When times get tough, that investment in higher education can be even more valuable, according to a new study released today by UC Berkeley.
That was just one finding in a study entitled "California's Economic Payoff: Investing in College Access & Completion," which strove to answer two key questions: "What are the benefits of investing in higher education? And is it worth it for Californians?
The answers? Many. And yes.
Researchers at UC Berkeley's Institute for the Study of Societal Issues found that for every $1 California invests in students who go to college, the state will receive a net return of $4.50 on its investment. For those who complete college, the return is $4.80 and for those who enter, but drop out the return is $2.40.
A college degree often translated into higher earnings for the graduate, and therefore higher income taxes paid to the state; additionally, the state saved money on its payout on social services and incarceration costs for these graduates.
This report follows a previous report done six years ago, before the housing bubble burst and the recession hit, that also looked at the costs and returns to the state for their investment in higher education.
Since then, the unemployment rate more than doubled from 5 percent in 2006 to a peak of 12.5 percent in 2010. Californians 19 to 24 were hit heavily. College-aged youth with a job went down from 65 percent in 2007 to 51 percent in 2011.
But for those 25 to 30 years old with college degrees, about 80 percent were employed according to the 2010 Census data, compared to about 59 percent for those with only a high school diploma.
"We compare prior to the great recession and then after the great recession, and we see during that time period the payoff is greater, which makes more sense," said Jon Stiles, executive director of the California Census Research Data Center at UC Berkeley and a researcher on the study. "When times are hard, that's actually when education and the advantages of higher education can really payoff."
California has slashed nearly $3 billion in higher education funding since 2007-8, according to the report. And it may slash billions more under the governor's proposed budget depending on what happens with a tax initiative on the November ballot.
As states have cut education funding because of budget problems public university systems have responded by raising tuition fees. And as those costs rise, fewer students can afford to attend. "Essentially, because the state is not making those investments, it's displacing the need for those investments," Stiles said.
Stiles described the trickle down effect as follows: "Fewer people are going [to college], less income is coming into the state coffers, less taxes, there's more demand for public services because people are not as well off, and this is in the context of increasing demand in the labor markets for individuals with Bachelors degrees and more.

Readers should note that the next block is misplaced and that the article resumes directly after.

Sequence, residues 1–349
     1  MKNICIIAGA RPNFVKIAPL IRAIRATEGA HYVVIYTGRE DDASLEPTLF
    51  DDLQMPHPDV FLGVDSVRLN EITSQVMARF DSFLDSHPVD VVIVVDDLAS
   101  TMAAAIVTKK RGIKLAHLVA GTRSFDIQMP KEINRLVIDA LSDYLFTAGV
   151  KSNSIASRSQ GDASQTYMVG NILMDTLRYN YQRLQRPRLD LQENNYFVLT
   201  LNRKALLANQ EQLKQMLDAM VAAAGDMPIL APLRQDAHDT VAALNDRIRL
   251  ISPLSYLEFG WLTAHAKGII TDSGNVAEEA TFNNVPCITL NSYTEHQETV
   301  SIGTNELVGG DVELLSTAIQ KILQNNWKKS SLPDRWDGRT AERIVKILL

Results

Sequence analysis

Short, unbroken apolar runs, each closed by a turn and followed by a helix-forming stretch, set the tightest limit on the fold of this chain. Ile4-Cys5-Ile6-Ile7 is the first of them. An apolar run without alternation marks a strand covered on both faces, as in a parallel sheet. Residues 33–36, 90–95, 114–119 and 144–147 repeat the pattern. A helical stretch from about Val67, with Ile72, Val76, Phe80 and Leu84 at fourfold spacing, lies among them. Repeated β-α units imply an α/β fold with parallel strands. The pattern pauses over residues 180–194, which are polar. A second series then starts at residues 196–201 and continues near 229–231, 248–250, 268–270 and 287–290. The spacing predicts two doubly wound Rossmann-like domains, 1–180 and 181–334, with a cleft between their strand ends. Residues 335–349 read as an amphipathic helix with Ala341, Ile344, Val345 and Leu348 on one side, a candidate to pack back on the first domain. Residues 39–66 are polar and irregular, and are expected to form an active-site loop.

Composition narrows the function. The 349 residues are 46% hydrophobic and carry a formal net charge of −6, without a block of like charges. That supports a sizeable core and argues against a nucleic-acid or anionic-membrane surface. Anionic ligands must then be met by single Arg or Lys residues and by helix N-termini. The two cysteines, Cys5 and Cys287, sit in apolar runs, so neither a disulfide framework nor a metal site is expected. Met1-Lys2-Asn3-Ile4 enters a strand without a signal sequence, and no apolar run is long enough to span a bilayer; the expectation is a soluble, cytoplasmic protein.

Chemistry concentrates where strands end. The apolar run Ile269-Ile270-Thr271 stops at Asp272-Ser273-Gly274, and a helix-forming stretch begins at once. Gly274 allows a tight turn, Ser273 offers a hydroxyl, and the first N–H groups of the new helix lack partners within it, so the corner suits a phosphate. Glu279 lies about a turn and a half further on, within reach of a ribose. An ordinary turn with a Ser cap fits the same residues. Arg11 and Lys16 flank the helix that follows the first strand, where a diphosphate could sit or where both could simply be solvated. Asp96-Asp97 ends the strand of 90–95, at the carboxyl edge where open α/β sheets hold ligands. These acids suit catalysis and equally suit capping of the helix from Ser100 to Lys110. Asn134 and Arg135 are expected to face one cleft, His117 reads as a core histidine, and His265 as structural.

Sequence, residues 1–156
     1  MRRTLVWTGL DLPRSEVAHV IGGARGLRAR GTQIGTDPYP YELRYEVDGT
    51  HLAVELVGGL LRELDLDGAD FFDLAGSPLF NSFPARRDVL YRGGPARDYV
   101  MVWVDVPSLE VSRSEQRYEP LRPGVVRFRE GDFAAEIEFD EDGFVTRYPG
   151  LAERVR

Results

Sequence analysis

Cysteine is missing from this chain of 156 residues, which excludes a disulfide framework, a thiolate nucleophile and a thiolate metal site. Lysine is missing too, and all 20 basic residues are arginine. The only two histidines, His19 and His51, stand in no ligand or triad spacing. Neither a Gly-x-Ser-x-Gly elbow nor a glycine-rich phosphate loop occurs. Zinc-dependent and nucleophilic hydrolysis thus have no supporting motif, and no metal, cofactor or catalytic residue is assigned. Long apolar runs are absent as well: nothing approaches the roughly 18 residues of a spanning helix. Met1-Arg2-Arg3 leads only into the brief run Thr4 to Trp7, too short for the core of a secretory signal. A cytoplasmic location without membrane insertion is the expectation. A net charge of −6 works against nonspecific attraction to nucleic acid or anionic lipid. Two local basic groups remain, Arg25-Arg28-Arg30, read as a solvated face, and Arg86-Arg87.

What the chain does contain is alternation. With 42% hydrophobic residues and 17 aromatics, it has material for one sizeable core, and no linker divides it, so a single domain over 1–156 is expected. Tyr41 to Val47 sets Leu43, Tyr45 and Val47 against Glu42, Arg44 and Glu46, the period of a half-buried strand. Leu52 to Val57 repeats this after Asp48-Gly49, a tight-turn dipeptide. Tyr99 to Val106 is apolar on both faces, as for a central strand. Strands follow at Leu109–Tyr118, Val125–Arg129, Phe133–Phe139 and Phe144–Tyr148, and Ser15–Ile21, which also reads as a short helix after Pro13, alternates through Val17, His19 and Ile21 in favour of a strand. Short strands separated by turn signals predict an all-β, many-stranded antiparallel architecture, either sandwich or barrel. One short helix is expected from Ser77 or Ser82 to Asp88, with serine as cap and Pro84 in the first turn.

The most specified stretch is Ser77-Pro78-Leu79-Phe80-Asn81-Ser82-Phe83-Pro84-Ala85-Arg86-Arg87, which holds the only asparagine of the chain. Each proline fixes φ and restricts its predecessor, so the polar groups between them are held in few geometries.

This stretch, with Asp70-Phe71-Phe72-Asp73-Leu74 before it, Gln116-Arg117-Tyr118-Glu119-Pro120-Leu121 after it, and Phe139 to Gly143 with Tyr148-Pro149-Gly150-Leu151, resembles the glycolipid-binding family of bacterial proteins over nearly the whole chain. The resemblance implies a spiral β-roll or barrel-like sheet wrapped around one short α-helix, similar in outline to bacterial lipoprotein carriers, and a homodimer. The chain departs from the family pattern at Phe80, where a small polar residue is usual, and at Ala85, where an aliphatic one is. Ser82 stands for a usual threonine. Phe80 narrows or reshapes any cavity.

"By pushing off these short term costs [the state is] vastly increasing its longterm problems."
The reports findings are especially key now because California is younger and more diverse than the rest of the country, Stiles said.
"We’re looking at a generation that is comparable in size to the Baby Boomer generation in California, so it’s big,"Stiles said. "The decisions we make about providing education are going to have longterm effects. If we forego educating this group of people we're going to wind up paying for that lack of investment for the next 40 years."
California has nearly 2.7 million young people between the ages 20 to 24, and 2.8 million ages 15 to 19, according to Census 2010 data, on which the study relies.
And of young people up to age 24, California is 45 percent Hispanic, 29 percent White, 6.4 percent African American, 11.5 percent Asian-Pacific Islander. That compares to 18 percent Hispanic, 58 percent White, 16 percent African American, and 4 percent Asian-Pacific Islander for the rest of the United States.
Those with a college degree earn more than $1,340,000 on average over their lifetime compared to their peers with only a high school diploma, according to the study. Yet, a recent study of government education data also found that half of new 2012 college graduates were underemployed or jobless. Meanwhile recent reports show the U.S. student loan burden has surpassed $1 trillion.
Those with only a high school diploma tended to spend four years unemployed versus abou 2.5 years for those with a college degree according to the 2010 data cited in the report.
"Times are tough for college graduates, but they’re really tough for people who didn't go" to college, Stiles said.
The study, which was funded by the nonprofit organization The Campaign for College Opportunity looked at general fund spending and graduates of the University of California and California State University systems.